A mutation in the Arabidopsis MAP kinase kinase 9 gene results in enhanced seedling stress tolerance

Ibrahim A. Alzwiy, Peter C. Morris

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    37 Citations (Scopus)


    MAP kinase signal transduction pathways are important conduits for stress signalling in plants. There are 10 genes encoding possible MAP kinase kinase proteins in Arabidopsis thaliana. In this work, a T-DNA insertion mutation of the Arabidopsis MKK9 gene (At1g73500) has been isolated and characterised. The T-DNA is inserted towards the 3' end of the coding region of MKK9, resulting in a truncated transcript and the mutant is predicted to produce an impaired or non-functional protein. The mkk9 plants appear morphologically normal, but are insensitive to low levels of ABA (0.5 µM) during germination. The response to other plant growth substances appears normal, as is the response to freezing temperatures and the systemic wound response. The mkk9 mutant is however salt insensitive, it will germinate on media containing up to 150 mM NaCl. Similarly, mkk9 is insensitive to mannitol in the germination medium. Induction of expression of the stress-induced genes RD29 and RD22 after salt treatment is faster in the mutant, and for RD22, the expression is prolonged. Enhanced stress-related gene expression in mkk9 is hypothesised to be the reason for the enhanced ABA and salt tolerance, which suggests that MKK9 acts as a negative regulator of the abiotic stress response. © 2007 Elsevier Ireland Ltd. All rights reserved.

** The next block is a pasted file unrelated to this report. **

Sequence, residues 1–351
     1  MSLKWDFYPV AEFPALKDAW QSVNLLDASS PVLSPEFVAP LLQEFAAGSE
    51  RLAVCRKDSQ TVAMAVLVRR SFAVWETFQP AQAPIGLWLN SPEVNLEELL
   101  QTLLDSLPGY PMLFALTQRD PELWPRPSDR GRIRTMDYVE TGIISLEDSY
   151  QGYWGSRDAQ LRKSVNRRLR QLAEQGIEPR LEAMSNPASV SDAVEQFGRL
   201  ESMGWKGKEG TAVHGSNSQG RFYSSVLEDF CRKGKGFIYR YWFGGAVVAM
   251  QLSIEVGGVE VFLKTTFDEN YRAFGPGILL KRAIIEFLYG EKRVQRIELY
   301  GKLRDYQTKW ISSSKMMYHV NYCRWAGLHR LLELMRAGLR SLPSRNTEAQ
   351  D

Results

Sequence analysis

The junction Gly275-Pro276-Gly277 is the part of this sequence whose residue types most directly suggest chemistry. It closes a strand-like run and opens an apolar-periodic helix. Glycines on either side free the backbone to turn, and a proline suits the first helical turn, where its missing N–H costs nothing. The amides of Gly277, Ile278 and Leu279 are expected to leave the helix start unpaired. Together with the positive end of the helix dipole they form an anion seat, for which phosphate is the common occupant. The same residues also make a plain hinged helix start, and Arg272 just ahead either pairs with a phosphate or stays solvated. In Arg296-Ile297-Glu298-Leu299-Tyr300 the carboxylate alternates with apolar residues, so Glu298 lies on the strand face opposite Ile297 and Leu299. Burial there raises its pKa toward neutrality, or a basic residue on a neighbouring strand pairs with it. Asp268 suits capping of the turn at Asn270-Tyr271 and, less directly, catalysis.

Original languageEnglish
    Pages (from-to)302-308
    Number of pages7
    JournalPlant Science
    Issue number3
    Publication statusPublished - Sept 2007


    • Abscisic acid
    • MAP kinase
    • MAP kinase kinase
    • Salt


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